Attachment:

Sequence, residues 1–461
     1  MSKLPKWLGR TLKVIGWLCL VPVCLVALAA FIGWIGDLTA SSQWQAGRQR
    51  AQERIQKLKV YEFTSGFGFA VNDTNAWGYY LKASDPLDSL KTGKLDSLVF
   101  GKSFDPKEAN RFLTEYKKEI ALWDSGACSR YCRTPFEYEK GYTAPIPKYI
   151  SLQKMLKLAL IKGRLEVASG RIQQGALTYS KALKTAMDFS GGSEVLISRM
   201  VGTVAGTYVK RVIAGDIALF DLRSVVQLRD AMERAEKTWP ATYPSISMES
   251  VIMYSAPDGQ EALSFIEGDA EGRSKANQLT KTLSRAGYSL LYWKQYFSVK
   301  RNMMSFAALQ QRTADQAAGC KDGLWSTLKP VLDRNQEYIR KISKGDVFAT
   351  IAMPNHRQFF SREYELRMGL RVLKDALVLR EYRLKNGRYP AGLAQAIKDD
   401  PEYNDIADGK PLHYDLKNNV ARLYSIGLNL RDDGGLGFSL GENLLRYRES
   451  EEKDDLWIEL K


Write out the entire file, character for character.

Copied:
Sequence, residues 1–461
     1  MSKLPKWLGR TLKVIGWLCL VPVCLVALAA FIGWIGDLTA SSQWQAGRQR
    51  AQERIQKLKV YEFTSGFGFA VNDTNAWGYY LKASDPLDSL KTGKLDSLVF
   101  GKSFDPKEAN RFLTEYKKEI ALWDSGACSR YCRTPFEYEK GYTAPIPKYI
   151  SLQKMLKLAL IKGRLEVASG RIQQGALTYS KALKTAMDFS GGSEVLISRM
   201  VGTVAGTYVK RVIAGDIALF DLRSVVQLRD AMERAEKTWP ATYPSISMES
   251  VIMYSAPDGQ EALSFIEGDA EGRSKANQLT KTLSRAGYSL LYWKQYFSVK
   301  RNMMSFAALQ QRTADQAAGC KDGLWSTLKP VLDRNQEYIR KISKGDVFAT
   351  IAMPNHRQFF SREYELRMGL RVLKDALVLR EYRLKNGRYP AGLAQAIKDD
   401  PEYNDIADGK PLHYDLKNNV ARLYSIGLNL RDDGGLGFSL GENLLRYRES
   451  EEKDDLWIEL K